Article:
Ten tips for succeeding as a start-up in Sweden
National
Sweden triples maximum limit at asylum centres
Gallery
People-watching: March 21st
National
Why elderly Swedes are among the world's happiest people
National
TIMELINE: Gothenburg shootings
National
Can Sweden's feminist party score success in neighbouring Norway?
National
Why Brits can't get enough of Sweden
Gallery
IN PICTURES: Sweden's solar eclipse
National
What's on in Sweden this week
Royal wedding countdown begins
National
Viking ring reveals Islamic ties
National
TIMELINE: Julian Assange sex allegations in Sweden
Gallery
People-watching: March 18th
National
One in three Russian diplomats are spies, says Sweden's Security Service
National
Hitchcock opera set to hit Gothenburg stage
Gallery
IN PICTURES: Northern Lights on show across Sweden
Technology
Why Swedish pop star Robyn is pushing for more girls in tech
Gallery
Property of the week: Umeå
National
Introducing Sweden's Eurovision 2015 entry Måns Zelmerlöw
Gallery
People-watching: March 13th - 15th
National
Why have Swedish prosecutors made a U-turn in Julian Assange case?
Sponsored Article
How Sweden and India can work together
Politics
Who's the new young leader of the Christian Democrats?
Travel
Why are Swedes so obsessed with Mallorca?
Gallery
Princess Estelle celebrates her mother's name day in Stockholm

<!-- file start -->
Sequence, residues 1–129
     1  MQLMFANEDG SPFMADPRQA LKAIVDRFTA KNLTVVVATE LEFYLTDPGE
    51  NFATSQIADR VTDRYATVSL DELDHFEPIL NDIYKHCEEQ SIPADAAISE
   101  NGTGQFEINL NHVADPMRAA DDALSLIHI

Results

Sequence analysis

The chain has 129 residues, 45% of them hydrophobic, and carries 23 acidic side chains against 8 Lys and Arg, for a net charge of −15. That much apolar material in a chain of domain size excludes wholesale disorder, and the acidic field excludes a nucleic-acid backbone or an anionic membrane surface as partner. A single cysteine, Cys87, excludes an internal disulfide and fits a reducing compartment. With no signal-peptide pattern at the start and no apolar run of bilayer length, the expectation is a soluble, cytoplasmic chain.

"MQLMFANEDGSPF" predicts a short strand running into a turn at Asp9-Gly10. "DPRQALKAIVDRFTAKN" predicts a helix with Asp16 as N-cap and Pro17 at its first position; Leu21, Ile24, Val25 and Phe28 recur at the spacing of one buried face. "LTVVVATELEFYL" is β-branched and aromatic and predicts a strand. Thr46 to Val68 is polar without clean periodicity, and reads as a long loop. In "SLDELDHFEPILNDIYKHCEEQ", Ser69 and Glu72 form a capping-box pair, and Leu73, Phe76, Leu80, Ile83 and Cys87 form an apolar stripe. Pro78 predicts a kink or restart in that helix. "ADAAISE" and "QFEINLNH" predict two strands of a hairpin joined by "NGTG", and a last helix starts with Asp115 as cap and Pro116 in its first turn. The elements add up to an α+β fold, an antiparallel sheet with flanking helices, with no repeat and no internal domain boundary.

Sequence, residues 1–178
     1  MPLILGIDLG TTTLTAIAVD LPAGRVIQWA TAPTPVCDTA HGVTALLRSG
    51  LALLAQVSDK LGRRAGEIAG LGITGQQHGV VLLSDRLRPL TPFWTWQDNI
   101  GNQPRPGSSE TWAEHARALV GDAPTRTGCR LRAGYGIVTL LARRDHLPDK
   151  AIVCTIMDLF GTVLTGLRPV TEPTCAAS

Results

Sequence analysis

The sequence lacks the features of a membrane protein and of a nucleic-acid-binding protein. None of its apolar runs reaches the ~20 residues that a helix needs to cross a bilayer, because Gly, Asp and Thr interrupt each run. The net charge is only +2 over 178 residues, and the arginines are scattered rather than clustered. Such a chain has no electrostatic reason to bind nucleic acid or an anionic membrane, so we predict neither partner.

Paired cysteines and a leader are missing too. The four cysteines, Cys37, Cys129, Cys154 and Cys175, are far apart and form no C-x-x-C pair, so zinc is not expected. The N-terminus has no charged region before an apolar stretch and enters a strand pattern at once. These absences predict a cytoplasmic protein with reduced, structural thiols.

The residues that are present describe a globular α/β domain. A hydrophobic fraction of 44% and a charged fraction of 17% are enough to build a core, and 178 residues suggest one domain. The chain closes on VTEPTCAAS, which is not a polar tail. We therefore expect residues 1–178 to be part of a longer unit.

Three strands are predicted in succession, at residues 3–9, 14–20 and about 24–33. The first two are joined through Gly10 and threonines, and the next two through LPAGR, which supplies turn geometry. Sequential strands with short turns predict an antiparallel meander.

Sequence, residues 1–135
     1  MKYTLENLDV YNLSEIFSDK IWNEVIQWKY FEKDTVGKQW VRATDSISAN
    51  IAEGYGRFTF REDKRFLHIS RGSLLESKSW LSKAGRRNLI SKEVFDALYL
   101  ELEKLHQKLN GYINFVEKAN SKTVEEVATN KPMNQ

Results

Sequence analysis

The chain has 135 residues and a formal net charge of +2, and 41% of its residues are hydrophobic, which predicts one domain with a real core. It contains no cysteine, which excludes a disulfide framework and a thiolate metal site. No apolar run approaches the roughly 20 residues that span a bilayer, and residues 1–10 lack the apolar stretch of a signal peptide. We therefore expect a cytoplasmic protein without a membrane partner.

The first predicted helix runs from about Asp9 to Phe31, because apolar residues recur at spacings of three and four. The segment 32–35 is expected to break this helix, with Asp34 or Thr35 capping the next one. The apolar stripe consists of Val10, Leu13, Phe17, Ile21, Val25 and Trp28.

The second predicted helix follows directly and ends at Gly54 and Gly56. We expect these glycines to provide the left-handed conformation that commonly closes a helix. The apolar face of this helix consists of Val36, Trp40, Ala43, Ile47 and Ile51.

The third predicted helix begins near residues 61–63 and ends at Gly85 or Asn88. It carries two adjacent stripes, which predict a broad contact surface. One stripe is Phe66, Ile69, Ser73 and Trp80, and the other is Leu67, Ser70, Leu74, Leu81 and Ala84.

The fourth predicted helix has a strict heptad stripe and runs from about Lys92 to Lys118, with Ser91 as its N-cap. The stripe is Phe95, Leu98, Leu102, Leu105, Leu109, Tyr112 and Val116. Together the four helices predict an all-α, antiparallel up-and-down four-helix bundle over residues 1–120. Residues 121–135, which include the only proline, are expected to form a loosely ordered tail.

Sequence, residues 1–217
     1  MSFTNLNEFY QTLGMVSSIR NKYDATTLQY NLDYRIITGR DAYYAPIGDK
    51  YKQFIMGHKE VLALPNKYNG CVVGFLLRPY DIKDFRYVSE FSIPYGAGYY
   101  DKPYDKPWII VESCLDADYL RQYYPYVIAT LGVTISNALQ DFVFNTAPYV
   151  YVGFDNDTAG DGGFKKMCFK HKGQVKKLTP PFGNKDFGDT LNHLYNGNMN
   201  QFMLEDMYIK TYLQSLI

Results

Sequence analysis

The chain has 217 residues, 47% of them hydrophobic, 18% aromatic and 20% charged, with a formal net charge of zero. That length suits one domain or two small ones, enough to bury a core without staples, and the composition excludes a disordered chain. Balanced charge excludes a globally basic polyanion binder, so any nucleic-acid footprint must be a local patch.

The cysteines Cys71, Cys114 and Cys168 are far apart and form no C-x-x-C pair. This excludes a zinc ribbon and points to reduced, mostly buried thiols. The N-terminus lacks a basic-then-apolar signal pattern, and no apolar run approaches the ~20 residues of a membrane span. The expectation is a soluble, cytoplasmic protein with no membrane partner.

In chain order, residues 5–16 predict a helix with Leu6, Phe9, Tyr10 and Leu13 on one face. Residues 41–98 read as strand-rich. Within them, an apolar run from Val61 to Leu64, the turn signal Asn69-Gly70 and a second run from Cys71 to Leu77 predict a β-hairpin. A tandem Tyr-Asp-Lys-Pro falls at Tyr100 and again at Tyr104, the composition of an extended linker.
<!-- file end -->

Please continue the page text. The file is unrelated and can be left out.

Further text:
National
What's on in Sweden this week
National
Obama's anti-Semitism team heads to Stockholm and Malmö
Gallery
People-watching: March 11th
Technology
How a Swedish app is teaching children to empathize
Swedish grandparents put on disguises to snatch baby
National
Why Sweden may not be as gender equal as you think
Politics
Why does Russia blame Sweden for the crisis in Ukraine?
Gallery
Property of the week: Smögen
National
Listen to the English remix of a Swedish 'genitals' song gone viral
Technology
'Swedish women are strong and ambitious'
National
Why are 11 Roma people suing the Swedish state?
Sponsored Article
Expert US tax preparation for Americans in Sweden
Sponsored Article
Stockholm job fair helps immigrant entrepreneurs
Latest news from The Local in Austria

More news from Austria at thelocal.at

Latest news from The Local in Switzerland

More news from Switzerland at thelocal.ch

Latest news from The Local in Germany

More news from Germany at thelocal.de

Latest news from The Local in Denmark

More news from Denmark at thelocal.dk

Latest news from The Local in Spain

More news from Spain at thelocal.es

Latest news from The Local in France

More news from France at thelocal.fr

Latest news from The Local in Italy

More news from Italy at thelocal.it

Latest news from The Local in Norway

More news from Norway at thelocal.no

3,412
jobs available
PSD Media
PSD Media is marketing company that offers innovative solutions for online retailers. We provide modern solutions that help increase traffic and raise conversion. Visit our site at:
psdmedia.se